In our modern era opera singers are sometimes asked to do things that are antithetical to good vocal production. As if moving and acting weren’t challenging enough. Mr. Kosky’s staging has his singers for the majority of the time standing on wee plinths strapped onto spinning doors embedded in the movie screen high above the stage and even higher above the audience. To sing anything well in this position is a feat of technique over nerves.
A supporting cast comprised almost entirely of current and former members of our young artists program represent themselves extremely well. The aforementioned armored men are tenor Robert Stanley and bass-baritone Steve Pence who blended well making a magnificent impression in what can often be a bit of a drone.
The three spirits came off underpowered this time and using young boys is certainly preferable to women except when their nerves get the better of them and they can’t sing out. Since they are presented in the guise of lunar months they spent their time at the highest heights which must have been disconcerting for these young men.
The Monostatos of Frederick Balantine was hilarious and exceptionally well sung. I don’t hear this as a comprimario voice but rather a young singer in development. Our Three Ladies led by Erica Petrocelli, our opening night Musetta, and Vivien Shotwell and Taylor Raven made delightful work in all their ensembles with Ms. Shotwell being a real standout for volume and vibrancy of tone.
Papageno gets short shrift in this production since he loses not only his dialogue but most of his subplot in the bargain. Still, Theo Hoffman made an enchanting bird catcher. A lovely middle-weight baritone that carried easily into the theater and he’s a born clown.
His intended Papagena suffers even worse from cuts as she only makes a single appearance when she’s introduced late in Act II by the priest to Papageno and then her final duet. Sarah Vautour worked her sparking costume for all its worth and more to make up for lost time.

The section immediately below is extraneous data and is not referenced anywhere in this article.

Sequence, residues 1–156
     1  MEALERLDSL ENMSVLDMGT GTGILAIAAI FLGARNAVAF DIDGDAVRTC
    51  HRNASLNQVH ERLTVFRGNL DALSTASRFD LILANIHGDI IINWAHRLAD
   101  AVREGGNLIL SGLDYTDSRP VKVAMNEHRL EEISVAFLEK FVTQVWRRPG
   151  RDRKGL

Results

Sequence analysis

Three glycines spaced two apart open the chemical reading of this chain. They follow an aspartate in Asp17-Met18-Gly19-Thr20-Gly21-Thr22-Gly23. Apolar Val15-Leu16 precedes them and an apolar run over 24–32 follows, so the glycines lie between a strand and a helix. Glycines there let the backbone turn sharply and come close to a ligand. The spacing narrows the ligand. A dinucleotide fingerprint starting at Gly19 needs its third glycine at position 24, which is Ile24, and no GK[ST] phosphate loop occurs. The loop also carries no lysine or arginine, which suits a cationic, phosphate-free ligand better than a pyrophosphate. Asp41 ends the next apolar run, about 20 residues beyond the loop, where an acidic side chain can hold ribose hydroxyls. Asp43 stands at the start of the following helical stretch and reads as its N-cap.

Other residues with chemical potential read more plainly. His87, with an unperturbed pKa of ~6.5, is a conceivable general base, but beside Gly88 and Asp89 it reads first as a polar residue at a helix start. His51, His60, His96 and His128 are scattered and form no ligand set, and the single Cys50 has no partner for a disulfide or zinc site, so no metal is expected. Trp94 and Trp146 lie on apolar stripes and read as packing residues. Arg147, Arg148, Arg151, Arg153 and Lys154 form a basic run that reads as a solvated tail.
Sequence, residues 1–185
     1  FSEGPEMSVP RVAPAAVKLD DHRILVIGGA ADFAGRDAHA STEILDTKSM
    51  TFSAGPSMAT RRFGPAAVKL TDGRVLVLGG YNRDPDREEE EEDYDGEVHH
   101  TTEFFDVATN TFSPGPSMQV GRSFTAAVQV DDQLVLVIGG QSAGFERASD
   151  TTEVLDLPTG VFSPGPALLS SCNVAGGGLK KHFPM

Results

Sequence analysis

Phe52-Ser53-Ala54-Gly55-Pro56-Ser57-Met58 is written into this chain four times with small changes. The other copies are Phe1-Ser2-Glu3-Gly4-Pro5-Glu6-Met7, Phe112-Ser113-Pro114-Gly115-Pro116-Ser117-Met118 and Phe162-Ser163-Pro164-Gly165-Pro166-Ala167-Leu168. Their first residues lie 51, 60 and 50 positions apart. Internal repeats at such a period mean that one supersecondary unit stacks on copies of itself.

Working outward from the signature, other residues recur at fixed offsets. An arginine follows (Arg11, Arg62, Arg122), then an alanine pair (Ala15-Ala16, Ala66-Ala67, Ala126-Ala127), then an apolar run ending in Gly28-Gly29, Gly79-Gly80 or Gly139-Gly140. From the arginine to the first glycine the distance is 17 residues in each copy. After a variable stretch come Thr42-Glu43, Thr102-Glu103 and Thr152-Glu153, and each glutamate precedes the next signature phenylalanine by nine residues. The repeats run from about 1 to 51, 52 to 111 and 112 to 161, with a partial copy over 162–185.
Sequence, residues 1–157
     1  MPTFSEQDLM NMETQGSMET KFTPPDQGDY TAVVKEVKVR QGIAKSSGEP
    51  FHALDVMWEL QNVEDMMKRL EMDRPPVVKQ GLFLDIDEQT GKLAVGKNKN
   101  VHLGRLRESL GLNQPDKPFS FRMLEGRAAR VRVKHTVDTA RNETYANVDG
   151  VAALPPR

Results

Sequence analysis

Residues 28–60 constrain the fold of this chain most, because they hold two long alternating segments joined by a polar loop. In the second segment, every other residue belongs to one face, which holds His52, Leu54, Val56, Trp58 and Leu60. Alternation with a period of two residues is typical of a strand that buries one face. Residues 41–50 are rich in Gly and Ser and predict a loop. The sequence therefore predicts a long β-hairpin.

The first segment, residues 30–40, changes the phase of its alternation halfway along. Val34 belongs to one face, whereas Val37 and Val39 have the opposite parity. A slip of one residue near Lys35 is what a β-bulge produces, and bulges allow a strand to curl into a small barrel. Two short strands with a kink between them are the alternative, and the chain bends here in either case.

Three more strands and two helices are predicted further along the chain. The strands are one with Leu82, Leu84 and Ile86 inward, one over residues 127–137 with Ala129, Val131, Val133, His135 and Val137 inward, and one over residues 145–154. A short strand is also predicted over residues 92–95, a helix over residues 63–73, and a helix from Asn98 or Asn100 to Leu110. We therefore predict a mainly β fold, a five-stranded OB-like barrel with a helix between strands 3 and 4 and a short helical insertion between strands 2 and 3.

We had a last minute substitute in Jeni Houser as our Queen of the Night. She’s a two-time veteran of this staging in other venues. She’s also got a very high accuracy rate in the coloratura. Bright and clean above the staff, although not entirely squeak-free, she sports a good trill.
Her tendency was to sing the repeats of phrases with better clarity than the first go round. She arsenal includes a magnificent stage curtsey that brought appreciative ooh’s and aah’s from the audience at the calls.
Our one bit of luxury casting was Ildebrando D’Arcangelo as Sarastro who was imposing in all the right spots and from no matter what height he was singing. If it took him time to warm down to the very lowest tones in the role (and they are extraordinarily low) his plangency and legato in the ensembles were the reward.
Our two lovers were debutantes to LA Opera. The Tamino of Bogdan Volkov cut a handsome figure but got off to a slow start. He made heavy weather of “Dies Bildnis,” which found his phrasing rough and cut-off’s abrupt. During the scene in front of the temple he finally managed to find his support and eased into singing some Mozart. Zuzana Markova was an uncommonly dark voiced Pamina. She too too time to find her center. Yet even as her singing improved her tone remained impure which is a shame since she moved well.
Still it’s a wonderful opportunity to experience this great work and a near-perfect introduction to opera in general for the curious newbies amongst us. Three performances remain through 15 December.
Photos: Cory Weaver